• Pragerisms

    For a more comprehensive list of Pragerisms visit
    Dennis Prager Wisdom.

    • "The left is far more interested in gaining power than in creating wealth."
    • "Without wisdom, goodness is worthless."
    • "I prefer clarity to agreement."
    • "First tell the truth, then state your opinion."
    • "Being on the Left means never having to say you're sorry."
    • "If you don't fight evil, you fight gobal warming."
    • "There are things that are so dumb, you have to learn them."
  • Liberalism’s Seven Deadly Sins

    • Sexism
    • Intolerance
    • Xenophobia
    • Racism
    • Islamophobia
    • Bigotry
    • Homophobia

    A liberal need only accuse you of one of the above in order to end all discussion and excuse himself from further elucidation of his position.

  • Glenn’s Reading List for Die-Hard Pragerites

    • Bolton, John - Surrender is not an Option
    • Bruce, Tammy - The Thought Police; The New American Revolution; The Death of Right and Wrong
    • Charen, Mona - DoGooders:How Liberals Hurt Those They Claim to Help
    • Coulter, Ann - If Democrats Had Any Brains, They'd Be Republicans; Slander
    • Dalrymple, Theodore - In Praise of Prejudice; Our Culture, What's Left of It
    • Doyle, William - Inside the Oval Office
    • Elder, Larry - Stupid Black Men: How to Play the Race Card--and Lose
    • Frankl, Victor - Man's Search for Meaning
    • Flynn, Daniel - Intellectual Morons
    • Fund, John - Stealing Elections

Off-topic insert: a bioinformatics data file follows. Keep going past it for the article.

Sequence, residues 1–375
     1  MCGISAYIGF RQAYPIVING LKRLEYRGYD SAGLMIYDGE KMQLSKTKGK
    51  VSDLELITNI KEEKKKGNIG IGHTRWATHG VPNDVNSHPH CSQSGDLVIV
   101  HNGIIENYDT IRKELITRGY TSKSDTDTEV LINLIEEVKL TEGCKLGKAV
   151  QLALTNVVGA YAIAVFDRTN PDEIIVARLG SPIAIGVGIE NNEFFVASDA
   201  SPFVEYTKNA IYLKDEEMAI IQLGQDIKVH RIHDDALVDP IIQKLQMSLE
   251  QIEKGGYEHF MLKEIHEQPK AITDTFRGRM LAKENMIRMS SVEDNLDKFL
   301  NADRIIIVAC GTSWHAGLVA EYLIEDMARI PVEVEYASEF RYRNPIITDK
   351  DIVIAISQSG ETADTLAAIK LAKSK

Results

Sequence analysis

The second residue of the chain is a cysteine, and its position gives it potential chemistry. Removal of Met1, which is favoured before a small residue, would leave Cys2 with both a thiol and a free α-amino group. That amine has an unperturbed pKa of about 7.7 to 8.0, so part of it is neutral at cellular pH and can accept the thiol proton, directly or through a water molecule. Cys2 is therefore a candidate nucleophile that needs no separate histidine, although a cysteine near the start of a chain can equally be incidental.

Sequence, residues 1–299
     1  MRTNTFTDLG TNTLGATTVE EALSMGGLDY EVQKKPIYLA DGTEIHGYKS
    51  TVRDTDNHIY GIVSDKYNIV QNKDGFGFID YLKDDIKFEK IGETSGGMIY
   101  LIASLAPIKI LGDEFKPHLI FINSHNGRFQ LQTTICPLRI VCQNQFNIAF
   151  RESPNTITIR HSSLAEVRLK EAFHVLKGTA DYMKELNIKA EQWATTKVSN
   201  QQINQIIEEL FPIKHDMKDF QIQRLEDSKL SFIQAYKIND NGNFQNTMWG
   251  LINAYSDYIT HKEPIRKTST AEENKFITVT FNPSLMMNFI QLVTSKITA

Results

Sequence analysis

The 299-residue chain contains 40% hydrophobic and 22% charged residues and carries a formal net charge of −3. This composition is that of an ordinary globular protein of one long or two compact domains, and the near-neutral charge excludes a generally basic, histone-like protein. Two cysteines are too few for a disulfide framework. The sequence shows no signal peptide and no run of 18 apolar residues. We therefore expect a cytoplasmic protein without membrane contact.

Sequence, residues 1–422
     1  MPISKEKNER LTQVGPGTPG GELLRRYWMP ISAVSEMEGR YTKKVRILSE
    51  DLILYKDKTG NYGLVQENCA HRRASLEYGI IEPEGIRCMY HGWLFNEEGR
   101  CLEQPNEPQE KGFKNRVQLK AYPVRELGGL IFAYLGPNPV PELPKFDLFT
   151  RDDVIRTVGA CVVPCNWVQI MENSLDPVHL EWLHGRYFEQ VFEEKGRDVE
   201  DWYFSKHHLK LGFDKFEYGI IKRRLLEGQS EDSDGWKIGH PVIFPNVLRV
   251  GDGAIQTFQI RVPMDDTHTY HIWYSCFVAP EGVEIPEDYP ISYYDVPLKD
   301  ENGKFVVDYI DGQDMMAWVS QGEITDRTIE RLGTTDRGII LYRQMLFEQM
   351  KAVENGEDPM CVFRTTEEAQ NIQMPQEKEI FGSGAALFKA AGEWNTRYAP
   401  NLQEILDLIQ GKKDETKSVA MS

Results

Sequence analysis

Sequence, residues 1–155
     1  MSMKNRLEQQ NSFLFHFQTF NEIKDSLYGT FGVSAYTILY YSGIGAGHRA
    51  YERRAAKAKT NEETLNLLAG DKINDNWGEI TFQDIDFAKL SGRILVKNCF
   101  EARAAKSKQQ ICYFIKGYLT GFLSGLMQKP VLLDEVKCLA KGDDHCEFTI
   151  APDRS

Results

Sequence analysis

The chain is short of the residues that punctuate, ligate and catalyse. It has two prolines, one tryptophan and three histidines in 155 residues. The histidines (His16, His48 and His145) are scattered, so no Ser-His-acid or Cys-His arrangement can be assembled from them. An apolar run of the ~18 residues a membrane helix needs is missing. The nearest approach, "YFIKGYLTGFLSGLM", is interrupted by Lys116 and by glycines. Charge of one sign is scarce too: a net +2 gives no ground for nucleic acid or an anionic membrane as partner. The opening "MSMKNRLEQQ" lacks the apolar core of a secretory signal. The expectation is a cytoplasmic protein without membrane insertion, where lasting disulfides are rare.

• Friedman, George - America's Secret War
    • Goldberg, Bernard - Bias; Arrogance
    • Goldberg, Jonah - Liberal Fascism
    • Herson, James - Tales from the Left Coast
    • Horowitz, David - Left Illusions; The Professors
    • Klein, Edward - The Truth about Hillary
    • Mnookin, Seth - Hard News: Twenty-one Brutal Months at The New York Times and How They Changed the American Media
    • Morris, Dick - Because He Could; Rewriting History
    • O'Beirne, Kate - Women Who Make the World Worse
    • Olson, Barbara - The Final Days: The Last, Desperate Abuses of Power by the Clinton White House
    • O'Neill, John - Unfit For Command
    • Piereson, James - Camelot and the Cultural Revolution: How the Assassination of John F. Kennedy Shattered American Liberalism
    • Prager, Dennis - Think A Second Time
    • Sharansky, Natan - The Case for Democracy
    • Stein, Ben - Can America Survive? The Rage of the Left, the Truth, and What to Do About It
    • Steyn, Mark - America Alone
    • Stephanopolous, George - All Too Human
    • Thomas, Clarence - My Grandfather's Son
    • Timmerman, Kenneth - Shadow Warriors
    • Williams, Juan - Enough: The Phony Leaders, Dead-End Movements, and Culture of Failure That Are Undermining Black America--and What We Can Do About It
    • Wright, Lawrence - The Looming Tower

How’s Socialism Doing in Venezuela?

From Prager University

HOW’S SOCIALISM DOING
IN VENEZUELA?
DEBBIE D’SOUZA
Once there was a South American country with a promising future. It had a functioning
democracy, a rapidly developing economy, and a growing middle class. All the important
indicators, including education, health care, and foreign investment, were pointed in the right
direction.
It was far from perfect, but the mood was hopeful – and with good reason.
But now all that promise is gone. The country is a failed state, a hollowed-out shell of its
former self. Services like power and water are sporadic. The most basic consumer goods,
from bread to toilet paper, are in chronically short supply. Crime has skyrocketed. Freedom
of the press is almost non-existent. Democracy has been replaced by a virtual dictatorship.
The country is, I’m sorry to say, my beloved Venezuela, a place in which my family has deep
roots.
I can tell you what happened to it in one word: socialism.